No Party Tag for Conyers' Wife; Just 20 Secs on 'Cap and Trade' Amidst 95% Jackson
Noteworthy from Friday night's broadcast network evening newscasts
which, a day after his death, spent 95 percent of their air time on
Michael Jackson - all but 1:03 of ABC's approximate 22 minutes was
devoted to Jackson, all but 34 seconds of CBS and all but 1:22 of NBC,
for 2:59, less than three minutes in total for all news beyond
♦ Only ABC's World News reported how Monica Conyers, a Detroit city councilwoman married to powerful U.S. House Democrat John Conyers, pled guilty to accepting bribes. But anchor Charles Gibson, who on Wednesday night made sure to identify Mark Sanford as "a rising star in the Republican Party," failed to name the party affiliation for either Monica Conyers or John Conyers, and neither did any on-screen graphic. Speaking of Detroit, last year, when Detroit Mayor Kwame Kilpatrick was charged with felonies, Gibson (as well as the CBS and NBC anchors) didn't consider Kilpatrick's party worth mentioning.
♦ ABC also uniquely found a little time, a mere 20 seconds, to mention House action on President Obama's "cap and trade" bill. As noted by the MRC's Business and Media Institute, for months the ABC, CBS and NBC evening newscasts have barely covered the bill "that would cost each family $1,241 a year." CBS and NBC kept up the near-blackout again Friday night. Gibson outlined how "the bill would impose limits pollution from power plants and factories and force a shift from fossil fuels to renewable energy," but also noted: "Critics charge it will drive up energy costs for consumers."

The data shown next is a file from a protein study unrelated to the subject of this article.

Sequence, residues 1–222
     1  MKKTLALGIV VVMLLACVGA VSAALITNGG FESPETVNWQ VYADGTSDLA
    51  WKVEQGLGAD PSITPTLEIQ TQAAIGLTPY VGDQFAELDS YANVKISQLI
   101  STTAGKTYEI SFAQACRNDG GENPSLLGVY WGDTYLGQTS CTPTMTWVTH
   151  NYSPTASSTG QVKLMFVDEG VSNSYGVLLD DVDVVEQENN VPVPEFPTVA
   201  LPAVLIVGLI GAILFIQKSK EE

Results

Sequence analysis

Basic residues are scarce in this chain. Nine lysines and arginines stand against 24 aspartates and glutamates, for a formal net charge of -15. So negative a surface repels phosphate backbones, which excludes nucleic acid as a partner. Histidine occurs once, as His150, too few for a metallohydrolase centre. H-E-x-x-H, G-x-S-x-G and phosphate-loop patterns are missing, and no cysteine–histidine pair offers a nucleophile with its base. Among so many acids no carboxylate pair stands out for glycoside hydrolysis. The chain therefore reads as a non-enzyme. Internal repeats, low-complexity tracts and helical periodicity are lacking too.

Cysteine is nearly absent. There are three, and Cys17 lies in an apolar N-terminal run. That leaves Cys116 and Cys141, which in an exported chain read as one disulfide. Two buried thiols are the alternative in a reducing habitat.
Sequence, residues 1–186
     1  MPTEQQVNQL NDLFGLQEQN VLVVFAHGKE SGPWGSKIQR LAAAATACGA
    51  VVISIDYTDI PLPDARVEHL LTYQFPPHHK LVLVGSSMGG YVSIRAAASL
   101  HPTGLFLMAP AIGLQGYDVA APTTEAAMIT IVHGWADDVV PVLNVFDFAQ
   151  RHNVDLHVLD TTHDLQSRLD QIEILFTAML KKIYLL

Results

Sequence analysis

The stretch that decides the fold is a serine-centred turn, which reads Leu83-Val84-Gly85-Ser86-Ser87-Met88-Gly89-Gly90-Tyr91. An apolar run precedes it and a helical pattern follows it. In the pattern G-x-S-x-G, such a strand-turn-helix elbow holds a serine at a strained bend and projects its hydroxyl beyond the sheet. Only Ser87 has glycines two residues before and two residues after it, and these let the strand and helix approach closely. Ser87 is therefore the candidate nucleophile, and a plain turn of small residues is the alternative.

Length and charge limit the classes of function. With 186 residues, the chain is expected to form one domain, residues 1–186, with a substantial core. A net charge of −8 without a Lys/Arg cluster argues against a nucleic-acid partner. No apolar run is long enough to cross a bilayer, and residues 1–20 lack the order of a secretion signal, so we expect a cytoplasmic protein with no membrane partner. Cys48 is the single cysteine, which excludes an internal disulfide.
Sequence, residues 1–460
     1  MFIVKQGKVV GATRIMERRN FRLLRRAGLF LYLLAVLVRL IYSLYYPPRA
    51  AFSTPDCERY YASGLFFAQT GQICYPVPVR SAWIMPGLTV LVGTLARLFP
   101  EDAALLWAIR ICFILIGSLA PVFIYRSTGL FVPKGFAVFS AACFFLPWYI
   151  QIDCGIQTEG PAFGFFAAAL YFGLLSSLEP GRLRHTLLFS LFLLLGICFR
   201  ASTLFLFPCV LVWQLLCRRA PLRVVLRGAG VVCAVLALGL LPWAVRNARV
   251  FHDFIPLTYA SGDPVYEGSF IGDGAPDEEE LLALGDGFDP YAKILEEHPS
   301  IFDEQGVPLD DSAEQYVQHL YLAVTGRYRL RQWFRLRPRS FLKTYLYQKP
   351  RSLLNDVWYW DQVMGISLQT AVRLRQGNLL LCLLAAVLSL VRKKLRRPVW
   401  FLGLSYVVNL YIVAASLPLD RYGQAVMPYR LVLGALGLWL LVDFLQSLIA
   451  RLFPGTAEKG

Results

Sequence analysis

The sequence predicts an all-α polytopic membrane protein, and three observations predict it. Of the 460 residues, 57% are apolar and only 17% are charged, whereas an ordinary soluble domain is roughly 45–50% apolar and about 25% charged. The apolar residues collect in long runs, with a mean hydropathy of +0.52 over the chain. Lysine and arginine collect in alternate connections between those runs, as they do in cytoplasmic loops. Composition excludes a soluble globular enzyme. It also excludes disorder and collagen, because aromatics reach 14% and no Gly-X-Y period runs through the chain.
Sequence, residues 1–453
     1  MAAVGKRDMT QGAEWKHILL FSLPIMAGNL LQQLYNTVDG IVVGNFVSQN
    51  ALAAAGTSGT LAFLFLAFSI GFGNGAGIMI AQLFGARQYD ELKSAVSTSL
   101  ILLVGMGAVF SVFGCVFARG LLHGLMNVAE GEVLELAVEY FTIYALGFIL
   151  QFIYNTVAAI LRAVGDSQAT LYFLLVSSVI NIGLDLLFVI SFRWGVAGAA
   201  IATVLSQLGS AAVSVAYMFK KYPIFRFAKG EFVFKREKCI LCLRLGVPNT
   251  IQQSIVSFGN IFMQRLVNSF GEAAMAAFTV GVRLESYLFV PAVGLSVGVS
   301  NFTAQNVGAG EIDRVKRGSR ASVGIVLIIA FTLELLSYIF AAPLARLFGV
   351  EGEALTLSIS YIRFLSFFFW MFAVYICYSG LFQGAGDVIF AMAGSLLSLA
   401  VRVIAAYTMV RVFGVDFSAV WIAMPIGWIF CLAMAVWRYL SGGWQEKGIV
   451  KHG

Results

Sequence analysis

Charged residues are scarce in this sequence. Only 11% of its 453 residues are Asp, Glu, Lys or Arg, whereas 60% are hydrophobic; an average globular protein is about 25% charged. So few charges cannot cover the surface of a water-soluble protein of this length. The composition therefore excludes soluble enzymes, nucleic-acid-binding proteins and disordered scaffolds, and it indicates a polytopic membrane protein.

Gibson's June 26 item on the energy bill:
A few notes on the other news of the day. On Capitol Hill, one of President Obama's top priorities, sweeping legislation to combat climate change, is advancing in the House of Representatives. The bill would impose limits pollution from power plants and factories and force a shift from fossil fuels to renewable energy. Critics charge it will drive up energy costs for consumers.
Gibson on Monica Conyers:
A Detroit city councilwoman, who's married to one of the most powerful members of Congress, pleaded guilty to accepting cash bribes today. Monica Conyers admitted taking the money in exchange for supporting a sludge contract with a Houston company. Her husband is John Conyers, Chairman of the House Judiciary Committee. Prosecutors say he was in no way involved.
The March 25, 2008 CyberAlert post, "ABC, CBS and NBC All Fail to ID Indicted Mayor as a Democrat," recounted:
Two weeks since the ABC and NBC evening shows took multiple days before getting around to informing viewers that disgraced New York Governor Eliot Spitzer belonged to the Democratic Party - after every ABC, CBS and NBC morning and evening news program last year immediately highlighted the party of Republican Senators David Vitter and Larry Craig - Monday's broadcast network evening newscasts all failed to note, verbally or on-screen, Detroit Mayor Kwame Kilpatrick's party.
ABC anchor Charles Gibson announced on World News: "Detroit Mayor Kwame Kilpatrick was charged today with felonies that could cost him his job and 15 years in prison." NBC Nightly News anchor Brian Williams relayed how "Detroit Mayor Kwame Kilpatrick...was indicted on perjury and other charges in the wake of a sex scandal there." (NBC also refused to tag Kilpatrick in a full story aired Friday night.) Over on Monday's CBS Evening News, fill-in anchor Harry Smith introduced a full story: "In Detroit, a sex scandal led to criminal charges today against the Mayor, Kwame Kilpatrick, a married father of three."
The brief update from Gibson on the Monday, March 24 World News on ABC: "Detroit Mayor Kwame Kilpatrick was charged today with felonies that could cost him his job and 15 years in prison. Kilpatrick is charged, along with his female former chief of staff. Explicit text messages contradict their sworn testimony that they did not have an affair. Kilpatrick, charged with perjury, obstruction of justice, conspiracy and misconduct, says he expects to be cleared."...
- Brent Baker is Vice President for Research and Publications at the Media Research Center